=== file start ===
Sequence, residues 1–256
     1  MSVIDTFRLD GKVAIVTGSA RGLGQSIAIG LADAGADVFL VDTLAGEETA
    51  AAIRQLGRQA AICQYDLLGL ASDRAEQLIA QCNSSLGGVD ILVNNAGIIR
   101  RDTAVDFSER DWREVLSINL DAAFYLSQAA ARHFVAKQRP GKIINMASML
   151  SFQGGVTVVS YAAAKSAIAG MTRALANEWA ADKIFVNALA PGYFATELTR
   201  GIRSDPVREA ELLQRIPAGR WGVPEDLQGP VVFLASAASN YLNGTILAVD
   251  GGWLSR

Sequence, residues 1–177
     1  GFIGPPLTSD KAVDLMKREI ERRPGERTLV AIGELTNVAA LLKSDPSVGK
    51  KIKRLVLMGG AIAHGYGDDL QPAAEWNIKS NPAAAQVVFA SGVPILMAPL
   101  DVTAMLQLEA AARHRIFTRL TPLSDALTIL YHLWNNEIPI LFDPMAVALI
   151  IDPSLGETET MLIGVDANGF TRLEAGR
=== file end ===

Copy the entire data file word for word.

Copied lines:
Sequence, residues 1–256
     1  MSVIDTFRLD GKVAIVTGSA RGLGQSIAIG LADAGADVFL VDTLAGEETA
    51  AAIRQLGRQA AICQYDLLGL ASDRAEQLIA QCNSSLGGVD ILVNNAGIIR
   101  RDTAVDFSER DWREVLSINL DAAFYLSQAA ARHFVAKQRP GKIINMASML
   151  SFQGGVTVVS YAAAKSAIAG MTRALANEWA ADKIFVNALA PGYFATELTR
   201  GIRSDPVREA ELLQRIPAGR WGVPEDLQGP VVFLASAASN YLNGTILAVD
   251  GGWLSR

Sequence, residues 1–177
     1  GFIGPPLTSD KAVDLMKREI ERRPGERTLV AIGELTNVAA LLKSDPSVGK
    51  KIKRLVLMGG AIAHGYGDDL QPAAEWNIKS NPAAAQVVFA SGVPILMAPL
   101  DVTAMLQLEA AARHRIFTRL TPLSDALTIL YHLWNNEIPI LFDPMAVALI
   151  IDPSLGETET MLIGVDANGF TRLEAGR